48  Rosie Ibbotson ———. 1877 [1963b]. “The Lesser Arts” (Lecture First Delivered in 1877). In Asa Briggs, ed., William Morris: Selected Writings and Designs. Harmondsworth: Pelican Books: 84–105. Morton, Timothy. 2007. Ecology without Nature: Rethinking Environmental Aesthetics. Cambridge MA: Harvard University Press. ———. 2010. The Ecological Thought. Cambridge: Harvard University Press. O’Neill, Morna. 2008. “Walter Crane’s Floral Fantasy: The Garden in Arts and Crafts Politics.” Garden History. 36, 2: 289–300. Osborne, Michael A. 2000. “Acclimatizing the World: A History of the Paradigmatic Colonial Science.” Osiris Nature and Empire: Science and the Colonial Enterprise. 15: 135–151. Park, Geoff. 2006. Theatre Country: Essays on Landscape & Whenua. Wellington: Victoria University Press. Parry, Linda. 2005. Textiles of the Arts and Crafts Movement. London: Thames & Hudson. Phillips, Jock. 2014. “Exhibitions and World’s Fairs – New Zealand Exhibitions, 1865 to 1900.” In Te Ara – the Encyclopedia of New Zealand. Accessed November 11, 2018. Rees, Ronald. 1993. Interior Landscapes: Gardens and the Domestic Environment. ­Baltimore, MD: Johns Hopkins University Press. Riley, Arthur Dewhurst. 1898. “Education: Manual and Technical Instruction”. Appendix to the Journals of the House of Representatives (AJHR), E-5B. Wellington: New Zealand Parliament: 38–39. Robinson, William. 1893. The English Flower Garden: Style, Position & Arrangement. 3rd edition. London: John Murray. Ruru, Jacinta. 2011. “Wilderness as a Walled Garden.” In Mick Abbott and Richard Reeve, eds. Wild Heart: The Possibility of Wilderness in Aotearoa New Zealand. Dunedin: Otago University Press: 172–179. Salmond, Jeremy. 1986. Old New Zealand Houses 1800–1940. Auckland: Reed Publishing. Star, Paul. 2002. “Native Bird Protection, National Identity and the Rise of Preservation in New Zealand to 1914.” New Zealand Journal of History. 36, 2: 123–136. Stewart, Di. 2002. The New Zealand Villa Past and Present. New Edition. Auckland and London: Penguin Books. Temple, Philip, ed. 1998. Lake, Mountain, Tree: An Anthology of Writing on New Zealand Nature & Landscape. Auckland: Godwit Publishing. Tiffin, Chris. 2007. “Five emus to the King of Siam: Acclimatization and Colonialism.” In Helen Tiffin, ed. Five Emus to the King of Siam: Environment and Empire. Amsterdam and New York: Editions Rodopi BV: 165–176. “Wallpaper Affecting Health.” 1905. Wairarapa Daily Times. 29, 8112. 10 April. “Wall-Paper and Hygiene: An Important Matter.” 1910. Clutha Leader. 36, 98. 24 June.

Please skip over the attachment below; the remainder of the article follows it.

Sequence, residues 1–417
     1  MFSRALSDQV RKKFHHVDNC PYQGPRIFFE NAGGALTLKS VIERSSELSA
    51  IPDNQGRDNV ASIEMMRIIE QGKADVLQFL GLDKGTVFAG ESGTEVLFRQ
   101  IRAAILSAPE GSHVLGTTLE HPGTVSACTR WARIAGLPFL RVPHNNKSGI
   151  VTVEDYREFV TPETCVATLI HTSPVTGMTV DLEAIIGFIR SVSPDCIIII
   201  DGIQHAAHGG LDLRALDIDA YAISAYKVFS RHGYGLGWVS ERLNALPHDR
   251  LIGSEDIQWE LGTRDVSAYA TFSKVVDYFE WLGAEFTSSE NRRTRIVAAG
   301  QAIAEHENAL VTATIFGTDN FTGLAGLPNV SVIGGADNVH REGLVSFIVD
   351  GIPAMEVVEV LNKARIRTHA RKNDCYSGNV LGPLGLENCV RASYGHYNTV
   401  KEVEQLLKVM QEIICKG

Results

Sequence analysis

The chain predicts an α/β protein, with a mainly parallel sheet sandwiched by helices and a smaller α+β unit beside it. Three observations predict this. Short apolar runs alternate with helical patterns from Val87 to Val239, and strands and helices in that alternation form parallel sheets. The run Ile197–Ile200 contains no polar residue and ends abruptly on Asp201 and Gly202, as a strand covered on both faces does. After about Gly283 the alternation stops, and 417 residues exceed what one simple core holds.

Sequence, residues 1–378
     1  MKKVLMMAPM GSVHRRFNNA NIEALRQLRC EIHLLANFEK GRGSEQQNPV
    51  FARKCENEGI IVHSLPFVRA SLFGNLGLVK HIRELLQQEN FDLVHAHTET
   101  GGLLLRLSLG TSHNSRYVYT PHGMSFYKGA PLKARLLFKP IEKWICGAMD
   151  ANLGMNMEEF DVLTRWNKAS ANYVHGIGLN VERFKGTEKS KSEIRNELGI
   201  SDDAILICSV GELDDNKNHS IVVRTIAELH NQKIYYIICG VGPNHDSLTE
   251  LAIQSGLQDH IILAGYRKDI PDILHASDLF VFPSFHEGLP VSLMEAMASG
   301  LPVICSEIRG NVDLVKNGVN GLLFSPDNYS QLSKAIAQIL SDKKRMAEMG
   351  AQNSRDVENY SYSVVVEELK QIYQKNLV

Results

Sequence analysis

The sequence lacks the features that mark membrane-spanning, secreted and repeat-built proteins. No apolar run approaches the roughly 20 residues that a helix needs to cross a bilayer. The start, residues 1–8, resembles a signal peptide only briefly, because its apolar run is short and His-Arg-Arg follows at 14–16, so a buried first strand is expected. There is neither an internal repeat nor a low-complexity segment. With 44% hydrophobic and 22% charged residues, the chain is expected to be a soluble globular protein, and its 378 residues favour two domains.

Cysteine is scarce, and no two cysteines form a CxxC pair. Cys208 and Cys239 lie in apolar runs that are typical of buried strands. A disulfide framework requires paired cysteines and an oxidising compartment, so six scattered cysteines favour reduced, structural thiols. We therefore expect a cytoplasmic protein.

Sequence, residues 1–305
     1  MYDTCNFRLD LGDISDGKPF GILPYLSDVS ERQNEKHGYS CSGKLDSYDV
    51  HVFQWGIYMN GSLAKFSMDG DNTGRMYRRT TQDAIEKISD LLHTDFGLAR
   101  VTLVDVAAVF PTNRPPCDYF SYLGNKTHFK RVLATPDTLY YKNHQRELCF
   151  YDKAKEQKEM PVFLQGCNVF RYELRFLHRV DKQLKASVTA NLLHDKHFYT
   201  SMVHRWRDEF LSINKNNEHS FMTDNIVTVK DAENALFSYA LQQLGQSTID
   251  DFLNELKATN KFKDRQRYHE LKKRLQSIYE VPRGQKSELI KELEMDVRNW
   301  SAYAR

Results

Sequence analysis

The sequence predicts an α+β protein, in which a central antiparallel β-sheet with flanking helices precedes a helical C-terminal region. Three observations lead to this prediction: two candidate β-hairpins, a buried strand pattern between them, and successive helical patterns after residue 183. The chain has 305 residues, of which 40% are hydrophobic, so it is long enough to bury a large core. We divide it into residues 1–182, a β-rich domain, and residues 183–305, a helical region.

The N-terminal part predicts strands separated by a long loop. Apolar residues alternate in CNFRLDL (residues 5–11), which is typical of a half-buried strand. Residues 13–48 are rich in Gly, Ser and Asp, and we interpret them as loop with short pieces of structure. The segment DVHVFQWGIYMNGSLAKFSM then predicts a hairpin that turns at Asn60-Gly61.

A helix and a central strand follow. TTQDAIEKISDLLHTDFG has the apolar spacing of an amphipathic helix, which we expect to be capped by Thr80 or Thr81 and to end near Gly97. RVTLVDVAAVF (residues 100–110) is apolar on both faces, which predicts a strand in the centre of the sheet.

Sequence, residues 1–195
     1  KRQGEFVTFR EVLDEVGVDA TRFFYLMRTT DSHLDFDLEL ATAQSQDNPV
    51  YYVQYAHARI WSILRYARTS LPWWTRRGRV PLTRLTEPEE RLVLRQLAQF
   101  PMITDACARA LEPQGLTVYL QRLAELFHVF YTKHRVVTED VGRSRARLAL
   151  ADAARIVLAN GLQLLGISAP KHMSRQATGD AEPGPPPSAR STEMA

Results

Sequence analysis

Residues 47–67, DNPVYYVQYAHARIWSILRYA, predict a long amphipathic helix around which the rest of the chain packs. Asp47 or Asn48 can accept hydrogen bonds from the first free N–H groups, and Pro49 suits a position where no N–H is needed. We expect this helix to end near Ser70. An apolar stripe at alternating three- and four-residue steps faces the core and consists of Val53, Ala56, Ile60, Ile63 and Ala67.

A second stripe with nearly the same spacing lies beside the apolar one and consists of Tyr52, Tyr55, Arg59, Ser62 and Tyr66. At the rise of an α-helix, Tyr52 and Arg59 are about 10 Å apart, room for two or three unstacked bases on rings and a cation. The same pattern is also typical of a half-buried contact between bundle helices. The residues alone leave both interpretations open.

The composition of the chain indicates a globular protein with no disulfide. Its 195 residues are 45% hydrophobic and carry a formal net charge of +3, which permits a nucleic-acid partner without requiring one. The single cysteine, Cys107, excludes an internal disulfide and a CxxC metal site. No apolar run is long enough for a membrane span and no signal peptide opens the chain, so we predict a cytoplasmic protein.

4 An Ecolonial Reassessment of the Indian Craze Elbridge Ayer Burbank and Standing Bear Jessica L. Horton

The ecocritical turn in humanities scholarship has grown rapidly alongside a resurgence of Indigenous justice movements across the Americas. What new perspectives on the past might their confluence opportune, even demand? Conversely, what overlooked past knowledges may be recovered and revalued as a result of their union? The words of Native participants point to a specific historical consciousness informing contemporary political struggles in a manner that resonates with the aims of this volume. Athabasca Chipewyan activist Eriel Deranger expressed the motivations for Idle No More, a movement begun by First Nations women in Canada in 2012: “Our people and our mother earth can no longer afford to be economic hostages in the race to industrialise our homelands. It’s time for our people to rise up and take back our role as caretakers and stewards of the land.”1 Lakota historian Nick Estes similarly described No Dakota Access Pipeline (NoDAPL), a global effort to stop construction of the Dakota Access Pipeline across waterways and burial grounds deemed sacred by Oceti Sakowin citizens (the seven bands of Lakota, Dakota and Nakota which form the Great Sioux Nation) in 2016: “Like our ancestors’ wars of the nineteenth century, our current war is also defensive—it is to protect water and land from inevitable spoliation in the name of profit” (Estes 2016, n.p.). No frontier closure. No settled ground. Deranger and Estes trace the present unfolding of human and ecological damage to the same colonial-industrial processes that drove the orchestrated dislocation of Native people in the nineteenth century. Likewise, they underscore a resurgence of Indigenous land-based knowledges that survived Indian removal and assimilation, offering compelling sources for reconnection amid ongoing conditions of extractive capitalism. I propose that behind the global spread of movements such as Idle No More and NoDAPL lies an already thoroughly transcultural history of ecological thought that is expressed with special clarity in select works of art. Centering the creative production of Indigenous actors within nineteenth-century studies is a step toward grasping its diverse – non-European – dimensions. This essay will highlight several ways in which Indigenous and colonial environmental knowledges were imbricated in the reservation era. I build on scholarship that locates the origins of American environmentalism in the colonial displacement of Native people and the emergence of ecology in biological sciences that studied “nature” apart from humans (Jacoby 2001; Bibby 2006; McKee 2007). Yet critiques of these historical formations, taken on their own, do little to illuminate how Indigenous philosophies are implicated in the past and future of ecological thought. A different set of possibilities emerge from a reassessment of the well-documented Indian craze, an art market fueled by Euro-American nostalgia